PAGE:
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The website of writer and paperfolding designer David Mitchell

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The Sanbo
 
This page attempts to record what is known about the origin and history of the origami design known as the Sanbo. Please contact me if you know any of this information is incorrect or if you have any other information that should be added. Thank you.

The Sanbo design is a tray or box on legs. It is sometimes found written as Sambo or Sanbow but I believe that Sanbo should be preferred.

In Japan

The earliest evidence I am aware of for the Sanbo design is from 1734 where the design appears in a Japanese book by Hayato Ohoka called 'Ranma Zushiki' which contains prints of decorations intended to enhance sliding room dividers. One of these prints shows a group of folded paper objects, among which are the Sanbo, the traditional crane, the boat now commonly made from a newspaper hat, a tematebako cube, and komoso.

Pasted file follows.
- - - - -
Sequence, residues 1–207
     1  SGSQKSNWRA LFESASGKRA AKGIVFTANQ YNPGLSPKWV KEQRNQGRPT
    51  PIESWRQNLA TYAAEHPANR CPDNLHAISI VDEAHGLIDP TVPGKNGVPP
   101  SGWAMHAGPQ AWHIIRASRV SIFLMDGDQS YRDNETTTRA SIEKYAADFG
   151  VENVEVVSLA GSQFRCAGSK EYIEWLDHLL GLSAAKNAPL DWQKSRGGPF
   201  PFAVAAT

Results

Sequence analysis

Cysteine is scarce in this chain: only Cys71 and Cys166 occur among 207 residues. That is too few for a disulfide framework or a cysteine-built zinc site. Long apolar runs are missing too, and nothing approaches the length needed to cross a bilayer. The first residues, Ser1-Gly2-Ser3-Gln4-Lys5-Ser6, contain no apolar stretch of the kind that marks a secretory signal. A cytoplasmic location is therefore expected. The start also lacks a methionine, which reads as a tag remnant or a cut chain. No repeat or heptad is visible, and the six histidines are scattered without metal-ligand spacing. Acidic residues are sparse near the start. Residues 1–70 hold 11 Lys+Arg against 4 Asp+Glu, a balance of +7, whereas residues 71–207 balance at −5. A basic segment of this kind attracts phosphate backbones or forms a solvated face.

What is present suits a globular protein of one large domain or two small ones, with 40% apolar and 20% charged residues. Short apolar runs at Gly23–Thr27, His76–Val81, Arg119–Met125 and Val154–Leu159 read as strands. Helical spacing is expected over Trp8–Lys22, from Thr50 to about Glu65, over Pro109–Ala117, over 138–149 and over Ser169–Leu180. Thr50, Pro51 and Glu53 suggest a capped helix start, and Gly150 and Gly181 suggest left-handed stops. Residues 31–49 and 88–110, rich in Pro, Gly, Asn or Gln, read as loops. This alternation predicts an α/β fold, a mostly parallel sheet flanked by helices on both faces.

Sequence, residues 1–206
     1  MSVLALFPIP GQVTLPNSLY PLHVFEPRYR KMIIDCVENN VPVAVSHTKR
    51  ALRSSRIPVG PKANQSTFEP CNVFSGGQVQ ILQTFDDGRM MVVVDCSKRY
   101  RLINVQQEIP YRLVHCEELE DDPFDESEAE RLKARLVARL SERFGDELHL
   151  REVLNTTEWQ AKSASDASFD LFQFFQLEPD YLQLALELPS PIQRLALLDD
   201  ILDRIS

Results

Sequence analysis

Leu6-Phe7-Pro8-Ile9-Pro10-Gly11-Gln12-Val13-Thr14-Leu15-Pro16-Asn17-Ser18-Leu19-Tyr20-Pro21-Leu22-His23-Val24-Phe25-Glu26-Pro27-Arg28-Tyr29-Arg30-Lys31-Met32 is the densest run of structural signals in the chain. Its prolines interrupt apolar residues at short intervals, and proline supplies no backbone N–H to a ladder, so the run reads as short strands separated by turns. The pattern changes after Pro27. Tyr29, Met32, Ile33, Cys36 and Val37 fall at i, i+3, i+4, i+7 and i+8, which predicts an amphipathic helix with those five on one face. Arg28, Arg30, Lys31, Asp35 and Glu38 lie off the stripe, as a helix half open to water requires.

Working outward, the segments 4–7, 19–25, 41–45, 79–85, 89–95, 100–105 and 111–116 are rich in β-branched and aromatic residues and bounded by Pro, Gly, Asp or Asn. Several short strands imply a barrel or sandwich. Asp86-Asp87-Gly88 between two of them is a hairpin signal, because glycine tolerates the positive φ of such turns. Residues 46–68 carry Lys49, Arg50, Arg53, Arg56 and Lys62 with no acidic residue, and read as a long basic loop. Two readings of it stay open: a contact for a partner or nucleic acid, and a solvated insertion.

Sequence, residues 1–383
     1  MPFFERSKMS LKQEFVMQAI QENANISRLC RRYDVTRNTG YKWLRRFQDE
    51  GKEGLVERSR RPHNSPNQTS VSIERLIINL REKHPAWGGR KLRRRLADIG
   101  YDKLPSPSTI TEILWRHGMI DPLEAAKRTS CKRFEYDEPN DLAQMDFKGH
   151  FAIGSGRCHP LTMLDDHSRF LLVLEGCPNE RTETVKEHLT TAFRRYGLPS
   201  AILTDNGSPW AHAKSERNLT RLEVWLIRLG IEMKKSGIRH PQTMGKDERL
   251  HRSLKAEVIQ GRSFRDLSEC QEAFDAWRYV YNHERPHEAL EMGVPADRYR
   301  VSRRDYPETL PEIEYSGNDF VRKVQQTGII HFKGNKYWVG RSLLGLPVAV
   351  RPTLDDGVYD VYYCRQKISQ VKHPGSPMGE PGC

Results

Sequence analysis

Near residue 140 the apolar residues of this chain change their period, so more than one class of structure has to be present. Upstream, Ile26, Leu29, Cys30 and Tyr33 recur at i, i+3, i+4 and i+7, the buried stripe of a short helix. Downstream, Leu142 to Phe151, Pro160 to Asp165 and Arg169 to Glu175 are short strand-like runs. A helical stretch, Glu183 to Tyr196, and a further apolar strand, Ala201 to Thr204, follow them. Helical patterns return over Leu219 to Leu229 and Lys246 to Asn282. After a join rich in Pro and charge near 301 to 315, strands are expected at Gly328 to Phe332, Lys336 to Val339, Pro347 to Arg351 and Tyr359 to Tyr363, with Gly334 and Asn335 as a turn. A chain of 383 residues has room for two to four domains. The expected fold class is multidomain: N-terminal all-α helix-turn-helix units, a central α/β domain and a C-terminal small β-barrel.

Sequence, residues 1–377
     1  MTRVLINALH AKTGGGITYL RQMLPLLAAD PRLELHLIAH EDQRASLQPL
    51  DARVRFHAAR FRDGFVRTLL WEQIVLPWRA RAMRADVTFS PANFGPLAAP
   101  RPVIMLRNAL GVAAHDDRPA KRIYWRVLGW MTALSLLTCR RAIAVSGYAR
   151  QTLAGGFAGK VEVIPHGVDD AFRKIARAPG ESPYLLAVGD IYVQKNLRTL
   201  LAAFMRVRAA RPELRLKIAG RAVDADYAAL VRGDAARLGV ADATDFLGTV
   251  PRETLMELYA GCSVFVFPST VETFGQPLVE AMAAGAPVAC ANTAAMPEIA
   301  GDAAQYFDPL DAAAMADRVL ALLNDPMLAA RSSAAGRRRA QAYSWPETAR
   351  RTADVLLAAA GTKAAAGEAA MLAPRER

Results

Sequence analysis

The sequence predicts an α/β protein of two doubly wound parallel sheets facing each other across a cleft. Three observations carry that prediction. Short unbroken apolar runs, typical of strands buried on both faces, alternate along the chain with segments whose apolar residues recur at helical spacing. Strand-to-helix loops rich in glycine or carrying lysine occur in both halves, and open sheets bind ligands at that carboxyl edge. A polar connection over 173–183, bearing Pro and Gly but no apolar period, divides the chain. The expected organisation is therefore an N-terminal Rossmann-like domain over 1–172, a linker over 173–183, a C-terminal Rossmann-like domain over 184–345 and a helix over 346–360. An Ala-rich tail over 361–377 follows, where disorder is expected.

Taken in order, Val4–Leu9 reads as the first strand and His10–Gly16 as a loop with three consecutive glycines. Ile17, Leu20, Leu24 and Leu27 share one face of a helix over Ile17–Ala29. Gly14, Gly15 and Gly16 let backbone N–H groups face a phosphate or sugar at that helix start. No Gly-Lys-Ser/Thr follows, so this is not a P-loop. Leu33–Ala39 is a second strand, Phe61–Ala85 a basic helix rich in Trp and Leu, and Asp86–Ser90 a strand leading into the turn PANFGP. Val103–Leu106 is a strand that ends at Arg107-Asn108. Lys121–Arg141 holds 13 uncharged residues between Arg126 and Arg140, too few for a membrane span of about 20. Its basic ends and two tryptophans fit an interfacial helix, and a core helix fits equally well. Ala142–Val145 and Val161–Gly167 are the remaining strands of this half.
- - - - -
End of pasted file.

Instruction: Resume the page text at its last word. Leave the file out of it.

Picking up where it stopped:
The drawings of the Sanbo are not particularly clear but the identification of the design has been confirmed by Koshiro Hatori in his on-line article 'History of Origami' (https://origami.ousaan.com/library/historye.html) thus: '"Ramma Zushiki" (1734) shows pictures of Boat, Sanbo, and a modular origami called Tamatebako, besides Orizuru and Komoso.'

There is a note in the Kan No Mado, written in 1845, which lists the Sanbo among those designs which are already well known and which are therefore not included in the ms (in order to spare the writer's pen).

In the West

The Sanbo does not appear to be part of the Froebelian repertoire and I cannot find it in any of the early books about Froebelian education.

As far as I know the first appearance of the Sanbo design in Europe was in Murray and Rigney's 'Fun with Paper Folding' published by the Fleming H Revell Company in New York in 1928 where it is called the Work Table.

'Winter Nights Entertainment' by R M Abrahams, first published by Constable and Constable in London in 1932, contains a design entitled Tray on Legs which is probably the Sanbo, though I have not been able to access a copy of this book to confirm this.

The design also appears in Margaret Campbell's 'Paper Toy Making', first published in London in 1936, as the Box On Four Feet. This book also includes instructions showing how to adapt the Sanbo, using cuts, to produce a Cow, Lemur and Horse.